Are Laptops The Future of PC Gaming?
Some say that PC gaming is dying. It’s not. It’s just a little complacent at the moment.
As fewer and fewer games become PC exclusive and the power level of consoles rise every day, everyone with an interest in the PC gaming market begins searching for a hook. Some believe it’s the incredible performance capabilities of the most powerful computers that will draw people in. Others say it’s the thriving indie market. Some are even banking on community contributions.
If you’ve been keeping up with the coverage of CES 2017, however, then you’ll likely have noticed that there is a growing section of the market which believes that laptops are the future of PC gaming.
For years, the idea of gaming on a laptop was a lot like eating cereal with water instead of milk. It’s something someone does only if they have no other options. Given the most consumer laptops are severely underpowered, gaming on one required you to make certain sacrifices. While there is a growing amount of great games that are designed to run well on laptops and low-end desktops, many top major releases are still just outside of a laptop’s abilities.
Even with more powerful laptops, there are still sacrifices. Typically, you want to still use a mouse which means having to carry one with you wherever you take your device. Then, you have to deal with playing on a smaller screen. Get past all that, and you’ll still have to get past the fact that it’s not always easy to play most games on the go.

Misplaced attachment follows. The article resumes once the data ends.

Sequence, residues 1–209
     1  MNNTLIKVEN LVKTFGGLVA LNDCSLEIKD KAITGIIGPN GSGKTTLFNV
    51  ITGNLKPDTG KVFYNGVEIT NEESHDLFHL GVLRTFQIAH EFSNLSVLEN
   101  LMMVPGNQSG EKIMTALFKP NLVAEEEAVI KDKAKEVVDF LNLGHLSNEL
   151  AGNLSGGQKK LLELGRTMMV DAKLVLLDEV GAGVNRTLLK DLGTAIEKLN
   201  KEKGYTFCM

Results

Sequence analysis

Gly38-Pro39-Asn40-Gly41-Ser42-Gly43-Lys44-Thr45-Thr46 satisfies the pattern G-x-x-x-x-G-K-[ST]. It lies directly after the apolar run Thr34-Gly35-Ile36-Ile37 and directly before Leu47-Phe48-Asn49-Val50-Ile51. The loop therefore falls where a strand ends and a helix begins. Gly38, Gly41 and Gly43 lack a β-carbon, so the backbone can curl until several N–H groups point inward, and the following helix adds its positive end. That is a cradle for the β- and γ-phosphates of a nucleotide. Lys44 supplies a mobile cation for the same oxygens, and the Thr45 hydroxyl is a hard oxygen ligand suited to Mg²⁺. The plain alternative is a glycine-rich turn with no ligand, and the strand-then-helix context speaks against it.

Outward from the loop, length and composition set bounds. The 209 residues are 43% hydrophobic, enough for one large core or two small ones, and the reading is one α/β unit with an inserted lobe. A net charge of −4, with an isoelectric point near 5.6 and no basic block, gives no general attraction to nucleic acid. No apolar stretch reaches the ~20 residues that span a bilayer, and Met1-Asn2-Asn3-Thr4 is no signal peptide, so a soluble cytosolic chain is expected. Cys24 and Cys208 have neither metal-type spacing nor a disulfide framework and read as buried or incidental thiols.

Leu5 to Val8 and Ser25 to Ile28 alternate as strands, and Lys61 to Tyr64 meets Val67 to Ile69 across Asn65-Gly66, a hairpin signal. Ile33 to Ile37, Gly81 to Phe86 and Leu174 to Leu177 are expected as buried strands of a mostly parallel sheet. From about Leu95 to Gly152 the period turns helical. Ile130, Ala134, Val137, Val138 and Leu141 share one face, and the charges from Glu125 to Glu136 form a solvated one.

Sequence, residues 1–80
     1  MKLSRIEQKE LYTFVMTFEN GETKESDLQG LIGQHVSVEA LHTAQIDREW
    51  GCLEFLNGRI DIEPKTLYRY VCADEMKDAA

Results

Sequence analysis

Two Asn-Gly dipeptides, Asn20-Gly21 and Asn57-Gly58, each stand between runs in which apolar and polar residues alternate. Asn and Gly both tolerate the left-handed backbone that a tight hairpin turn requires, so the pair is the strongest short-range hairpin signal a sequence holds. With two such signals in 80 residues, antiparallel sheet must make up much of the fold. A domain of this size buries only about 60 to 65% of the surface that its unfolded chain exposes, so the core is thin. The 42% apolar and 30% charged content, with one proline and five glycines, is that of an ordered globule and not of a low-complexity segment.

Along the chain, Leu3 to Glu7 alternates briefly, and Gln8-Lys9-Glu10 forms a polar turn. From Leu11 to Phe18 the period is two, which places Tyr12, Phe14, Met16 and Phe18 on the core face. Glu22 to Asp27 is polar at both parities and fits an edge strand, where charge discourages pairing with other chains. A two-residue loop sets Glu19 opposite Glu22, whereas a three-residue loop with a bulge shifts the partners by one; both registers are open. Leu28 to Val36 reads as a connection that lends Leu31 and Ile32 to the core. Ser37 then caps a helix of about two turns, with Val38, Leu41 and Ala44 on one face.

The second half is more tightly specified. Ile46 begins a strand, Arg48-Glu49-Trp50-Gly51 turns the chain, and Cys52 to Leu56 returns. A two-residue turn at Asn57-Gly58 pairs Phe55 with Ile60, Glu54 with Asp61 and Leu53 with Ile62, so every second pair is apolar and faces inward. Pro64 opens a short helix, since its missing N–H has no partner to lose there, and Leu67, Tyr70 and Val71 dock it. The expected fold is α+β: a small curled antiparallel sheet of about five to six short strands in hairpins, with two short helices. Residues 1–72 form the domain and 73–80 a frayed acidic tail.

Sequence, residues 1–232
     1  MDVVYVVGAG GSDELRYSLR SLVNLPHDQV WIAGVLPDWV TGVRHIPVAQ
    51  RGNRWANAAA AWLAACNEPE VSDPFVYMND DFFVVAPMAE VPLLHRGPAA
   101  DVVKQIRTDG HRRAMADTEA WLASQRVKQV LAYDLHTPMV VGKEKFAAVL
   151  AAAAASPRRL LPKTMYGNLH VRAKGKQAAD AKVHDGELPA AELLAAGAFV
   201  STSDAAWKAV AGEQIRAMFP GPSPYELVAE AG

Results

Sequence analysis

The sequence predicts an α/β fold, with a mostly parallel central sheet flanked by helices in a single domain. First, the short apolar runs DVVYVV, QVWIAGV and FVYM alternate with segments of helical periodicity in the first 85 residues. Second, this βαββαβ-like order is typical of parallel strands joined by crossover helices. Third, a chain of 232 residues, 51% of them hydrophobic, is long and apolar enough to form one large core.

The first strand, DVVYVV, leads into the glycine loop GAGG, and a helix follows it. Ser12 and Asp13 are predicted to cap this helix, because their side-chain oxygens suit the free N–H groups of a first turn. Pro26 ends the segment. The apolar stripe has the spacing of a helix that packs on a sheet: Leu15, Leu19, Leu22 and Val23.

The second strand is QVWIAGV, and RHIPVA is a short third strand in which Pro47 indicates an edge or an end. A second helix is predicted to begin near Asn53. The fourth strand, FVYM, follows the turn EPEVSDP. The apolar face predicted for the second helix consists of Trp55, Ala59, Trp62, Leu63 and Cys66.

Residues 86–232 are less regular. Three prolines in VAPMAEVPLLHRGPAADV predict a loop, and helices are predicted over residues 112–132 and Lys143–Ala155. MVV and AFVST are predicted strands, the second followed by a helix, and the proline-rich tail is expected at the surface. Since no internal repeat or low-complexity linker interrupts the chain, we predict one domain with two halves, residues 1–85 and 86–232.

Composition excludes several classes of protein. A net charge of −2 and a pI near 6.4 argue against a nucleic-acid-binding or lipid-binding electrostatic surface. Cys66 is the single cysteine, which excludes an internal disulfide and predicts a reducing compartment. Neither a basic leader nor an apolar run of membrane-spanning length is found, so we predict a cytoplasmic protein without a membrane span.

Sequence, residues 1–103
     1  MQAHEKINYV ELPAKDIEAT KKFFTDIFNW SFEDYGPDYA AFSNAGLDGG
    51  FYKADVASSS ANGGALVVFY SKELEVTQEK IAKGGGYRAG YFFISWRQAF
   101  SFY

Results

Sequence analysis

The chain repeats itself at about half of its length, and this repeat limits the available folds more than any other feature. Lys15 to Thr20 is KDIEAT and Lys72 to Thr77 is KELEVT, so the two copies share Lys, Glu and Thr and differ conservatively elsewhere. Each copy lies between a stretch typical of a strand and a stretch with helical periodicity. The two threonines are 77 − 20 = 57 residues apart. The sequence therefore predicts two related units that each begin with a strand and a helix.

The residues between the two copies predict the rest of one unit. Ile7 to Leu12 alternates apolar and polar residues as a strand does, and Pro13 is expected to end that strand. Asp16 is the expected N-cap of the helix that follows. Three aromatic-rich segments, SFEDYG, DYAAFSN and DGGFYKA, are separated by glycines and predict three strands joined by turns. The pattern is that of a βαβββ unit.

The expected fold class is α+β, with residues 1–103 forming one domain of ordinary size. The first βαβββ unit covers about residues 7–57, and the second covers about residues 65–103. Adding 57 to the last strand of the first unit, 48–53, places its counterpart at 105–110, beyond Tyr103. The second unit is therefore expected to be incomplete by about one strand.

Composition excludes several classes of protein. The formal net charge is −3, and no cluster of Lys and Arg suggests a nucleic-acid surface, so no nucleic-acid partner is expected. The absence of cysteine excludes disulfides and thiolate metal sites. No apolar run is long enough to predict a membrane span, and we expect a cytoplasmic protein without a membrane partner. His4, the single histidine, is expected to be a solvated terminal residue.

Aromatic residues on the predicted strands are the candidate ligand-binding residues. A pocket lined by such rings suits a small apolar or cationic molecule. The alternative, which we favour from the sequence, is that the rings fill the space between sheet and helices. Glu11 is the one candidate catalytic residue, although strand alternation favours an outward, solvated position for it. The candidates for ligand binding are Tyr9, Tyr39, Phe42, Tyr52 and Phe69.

The new breed of laptops shown at CES and elsewhere are trying to change all that. They’re more powerful than many high-end desktops. They come with modifications like touchpads built specifically for gaming. One of them even comes with two additional built-in screens.
For every feature that these laptops sport, though, they each have a flaw. Acer’s Predator laptop is sleeker and more powerful than most desktops, but costs $8,999 and weighs almost 20 pounds. Razer’s triple screen laptop is a pipe dream at best that will likely cost too much for most people to even consider.
Actually, the most impressive all-around laptop exhibited at CES is also the most boring. Dell’s Inspiron I5 7000 lacks many design bells and whistles, but it is an undeniably powerful computer that at $799 is priced in a way that might inspire someone looking for a new laptop to spend just a little extra.
In the end, that’s what gaming laptops need to be at the moment. The key isn’t to revolutionize the industry overnight, but rather to convince people to buy their first true gaming laptop. Once that happens on a mass scale, then we can start dreaming of a future which includes transformer designs and jaw-droppingly powerful mobile machines.
At the moment, though, it would be nice if someone just made a better mouse.